The current conclusion to this part of the story is that the plant has not worked since 2004. During this legal battle a total of five Special Leave Petitions (SLP) were filed with the Indian Supreme Court appealing the High Court decisions in favour of CC: one by the KPCB, one by the State government and three by the Panchayat; there does not appear to have been any significant ruling by the Supreme Court (6).

I. Anti-Cola sentiment in India

The original protest against the CC started by women from the lowest levels of society, those forced to walk further and further in order to collect water. Their protest was supported by local activists, by the members of the local Panchayat who used their position to try and put into practice the demands of the local people. The BBC investigation helped to bring the issue to world media attention, and the initial court ruling in favour of the Panchayat helped encourage other communities who felt that their water supplies were being adversely affected by CC as well as Pepsi bottling plants.

The support given to the anti-Cola movement in Plachimada by people such as Vadana Shiva extended the networks involved in the issue, and the full extent of the support can be seen in the attendance to the World Water conference in Plachimada, just after the World Social Forum in Mumbai. Among those in attendance were Jose Bové, Maude Barlow (a Canadian activist working against the commodification of water) as well as members of the European Parliament and activists from al over the world. This conference also had a platform where every Indian political party was present (7). The extent and wide-range of the participants in this conference seems to be a strong indication of the support networks tapped into by the Plachimada adivasi’s and their supporters.

There has been a very real impact from all of this on the Plachimada bottling plant and on CC more widely. The Plachimada plant has never re-opened, and there seem to be no plans to do so and since July 2005 the CC have been providing water to the local community by tanker (8). Those in the anti-Cola camp see this as a tacit admission of guilt on the part of the multinational.

The issue widened from that of water use in 2006 when the Centre for Science and Environment, and NGO concerned with setting standards with regards to pesticide and chemical residues in food and drink released a report claiming that the levels of pesticides present in CC and Pepsi soft drinks were unacceptably high (read about the issue here The Kerala State banned the drinks from these two companies completely, whilst a number of other states banned their sale in schools (9).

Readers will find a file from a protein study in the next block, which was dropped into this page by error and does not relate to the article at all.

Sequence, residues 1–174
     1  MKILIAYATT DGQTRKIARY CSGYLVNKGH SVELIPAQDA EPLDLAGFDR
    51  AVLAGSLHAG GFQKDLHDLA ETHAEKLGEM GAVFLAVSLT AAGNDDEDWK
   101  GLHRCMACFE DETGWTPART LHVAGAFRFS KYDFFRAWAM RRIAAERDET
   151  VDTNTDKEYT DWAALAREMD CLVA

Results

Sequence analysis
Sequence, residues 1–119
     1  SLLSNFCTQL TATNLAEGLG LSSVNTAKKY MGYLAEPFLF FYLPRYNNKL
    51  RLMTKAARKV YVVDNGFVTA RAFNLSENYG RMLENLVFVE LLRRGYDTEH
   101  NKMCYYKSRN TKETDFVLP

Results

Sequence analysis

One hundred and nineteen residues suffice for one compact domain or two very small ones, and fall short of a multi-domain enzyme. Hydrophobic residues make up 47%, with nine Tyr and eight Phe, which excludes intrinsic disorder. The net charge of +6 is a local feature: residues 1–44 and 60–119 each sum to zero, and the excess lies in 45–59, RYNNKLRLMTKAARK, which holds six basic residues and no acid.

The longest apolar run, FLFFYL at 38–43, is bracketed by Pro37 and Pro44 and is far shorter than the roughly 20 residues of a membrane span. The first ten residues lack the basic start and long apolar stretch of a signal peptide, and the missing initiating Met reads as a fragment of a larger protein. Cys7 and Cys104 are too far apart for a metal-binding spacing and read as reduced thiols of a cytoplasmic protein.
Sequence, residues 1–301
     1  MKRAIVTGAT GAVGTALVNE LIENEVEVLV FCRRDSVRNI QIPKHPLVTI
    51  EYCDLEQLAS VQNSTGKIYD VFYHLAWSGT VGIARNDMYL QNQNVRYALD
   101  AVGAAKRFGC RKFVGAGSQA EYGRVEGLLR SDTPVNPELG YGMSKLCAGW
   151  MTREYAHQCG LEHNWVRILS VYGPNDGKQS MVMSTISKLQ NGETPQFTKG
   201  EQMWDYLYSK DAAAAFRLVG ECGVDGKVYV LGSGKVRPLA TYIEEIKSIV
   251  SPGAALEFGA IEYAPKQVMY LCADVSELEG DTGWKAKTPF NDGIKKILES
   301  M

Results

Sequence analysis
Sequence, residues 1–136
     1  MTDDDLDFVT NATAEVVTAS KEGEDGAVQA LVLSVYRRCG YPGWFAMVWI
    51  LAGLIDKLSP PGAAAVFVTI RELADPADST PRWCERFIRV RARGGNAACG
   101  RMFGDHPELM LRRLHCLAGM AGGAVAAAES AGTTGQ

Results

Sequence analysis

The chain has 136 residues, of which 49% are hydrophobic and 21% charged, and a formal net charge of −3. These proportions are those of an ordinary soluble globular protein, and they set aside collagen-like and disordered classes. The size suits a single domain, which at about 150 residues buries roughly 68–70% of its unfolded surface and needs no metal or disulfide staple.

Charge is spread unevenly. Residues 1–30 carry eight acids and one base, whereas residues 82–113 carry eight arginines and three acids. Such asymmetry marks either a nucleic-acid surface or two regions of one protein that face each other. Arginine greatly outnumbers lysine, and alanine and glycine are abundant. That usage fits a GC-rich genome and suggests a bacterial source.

This ban was overturned by the Kerala High Court, but this has done nothing to boost the popularity of the soft drinks industry. Anti-Cola protest have adopted the slogan ‘Quit India’ originally used by Ghandi in the struggle to rid India of colonial rule.

The anti-Cola fight has spread out of India, and concerns raised by the University of Michigan and others led to an independent investigation of CC’s operations in India which published its final report in January 2008 ( or Very briefly the conclusions of this report are that there are no pesticides in CC products; but suggests that there is overuse of the water resources and recommends the closing of a plant in Rajasthan.

Returning to Plachimada, the stance of the local Panchayat, in all of this is uncompromising, they want the closure of the plant, or at the least very limited operations and used all the means open to them to achieve this, including placing huge restrictions on the CC when forced to renew the license in the form of very short licenses (the two renewals ordered by the court were both given for a period of three months only) and imposing restrictions on the use of groundwater. The position of the state government is harder to identify, although they do eventually back up the Panchayat, it is suggested by the Venugopal and Suchitra, Indian journalists, that this support is half-hearted and a result of popular pressure. He backs up this claim by pointing out that on the committee investigating the ground water levels constituted after the 2003 ruling in favour of the Panchayat closing the bottling plant, the government representative has no hyrdrogeology qualification, and therefore would not be competent on the issue (10). This point of view is to some extent contradicted by the stand that was taken against the sale of Pepsi and Coca-Cola by the state government in 2006.

II. Ownership of water: court judgments and their implications

The two most significant rulings in this case study are the December 2003 judgment upholding the right of the Perumatty Panchayat to close the Plachimada bottling plant, and the April 2005 ruling that more or less overturns this.